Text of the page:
The new Pope’s motto is “Miserando Atque Eligendo”, the same motto he had as a cardinal. And when it was first announced lots of people attempted to translate that motto as something like, “lowly and chosen”. However, the meaning actually derives from the original context of these words, which are taken from a homily by one of our great English saints, the Venerable Saint Bede, regarding the calling of St. Matthew by Jesus. In the homily St Bede describes how it was that the Lord chose Matthew. The Lord did not look at him and despise him as tax collector, or look at him with anger as a sinner. No. As St Bede says, the Lord "saw the tax collector and, because he saw him through the eyes of mercy and chose him, he said to him: 'Follow me.'
This is how the Lord looks at us, with “eyes of mercy”, and so He chooses us, chooses and calls us to follow Him.
[The Vatican website states: “The motto of His Holiness Francis is taken from a passage of the venerable Bede (Homily 22 on the Feast of Matthew) which reads: ‘Vidit ergo Jesus publicanum, et quia miserando atque eligendo vidit, ait illi, ‘Sequere me’.’ [Jesus therefore sees the tax collector, and since he sees by having mercy and by choosing, he says to him, 'follow me'.]
or the Catholic News Agency translates the motto as “because he saw him through the eyes of mercy and chose him"]

Pope Francis had a personal experience of this at the tender age of 17. As a Vatican statement as revealed, “Following confession, he [the young future pope] felt his heart touched and he sensed the descent of the Mercy of God, who with a gaze of tender love, called him to religious life”.
Our new Pope, as we all already know, has manifested a life of consistent concern for the poor and outcast, and in his sermon two weeks ago [Palm Sunday] he gave us an insight into how this care for the poor seems to be connected with LOOKING at people with the eyes of God, the “eyes of mercy”. He made a contrast and noted that “in the eyes of the world” there are many “who do not matter”, especially “the humble, the poor, the forgotten”. But, when Jesus came and walked among men, those who were lowly felt great “hope” because they sensed that He looked at them with different “eyes”. “He [Jesus] understands human sufferings, he has shown the face of God’s mercy, he has bent down to heal body and soul. ….This is the heart that looks on all of us, watching our illnesses, our sins.”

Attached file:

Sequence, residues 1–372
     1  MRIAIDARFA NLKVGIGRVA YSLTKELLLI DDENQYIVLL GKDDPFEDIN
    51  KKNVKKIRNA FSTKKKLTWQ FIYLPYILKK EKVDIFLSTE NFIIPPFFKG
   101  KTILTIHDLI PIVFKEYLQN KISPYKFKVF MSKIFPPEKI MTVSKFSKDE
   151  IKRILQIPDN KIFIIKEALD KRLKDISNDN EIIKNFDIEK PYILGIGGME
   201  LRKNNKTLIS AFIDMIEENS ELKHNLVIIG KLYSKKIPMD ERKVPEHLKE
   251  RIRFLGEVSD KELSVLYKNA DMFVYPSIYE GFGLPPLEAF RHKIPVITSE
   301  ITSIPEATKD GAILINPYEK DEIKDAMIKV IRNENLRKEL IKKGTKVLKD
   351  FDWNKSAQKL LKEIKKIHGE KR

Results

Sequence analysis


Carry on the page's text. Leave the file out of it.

So, He looks on us and sees “our sins” and “our illness” and our need. And though the “eyes of the world” reject such, He looks with “the eyes of mercy”. And looking at us with such He does not just leave us, but chooses us, calls us to something more.
Today’s Gospel text for this Divine Mercy Sunday is always the text in which we hear Jesus entrust the mission of mercy and forgiveness in the sacrament of confession to the Twelve Apostles, “those whose sins you forgive they are forgiven…”(Jn 20:23). As I said, the young man who has now become Pope experienced the “eyes of mercy” himself after going to confession. Many of us will have had similar experiences of realising how mercifully God looks at us, and had that experience in this same sacrament of mercy.

But, to conclude, there is something that follows: if we have accepted that the Lord has looked at us with “eyes of mercy” then we too need to look at others with such “eyes”. The people we heard about in our first reading hoped that “the shadow of Peter” (Act 12:15) would fall upon them. The merciful shadow of our new Pope, St Peter’s successor, seems destined to fall on those poor and destitute, and to call us to do the same. Showing mercy to others because we have experienced it ourselves.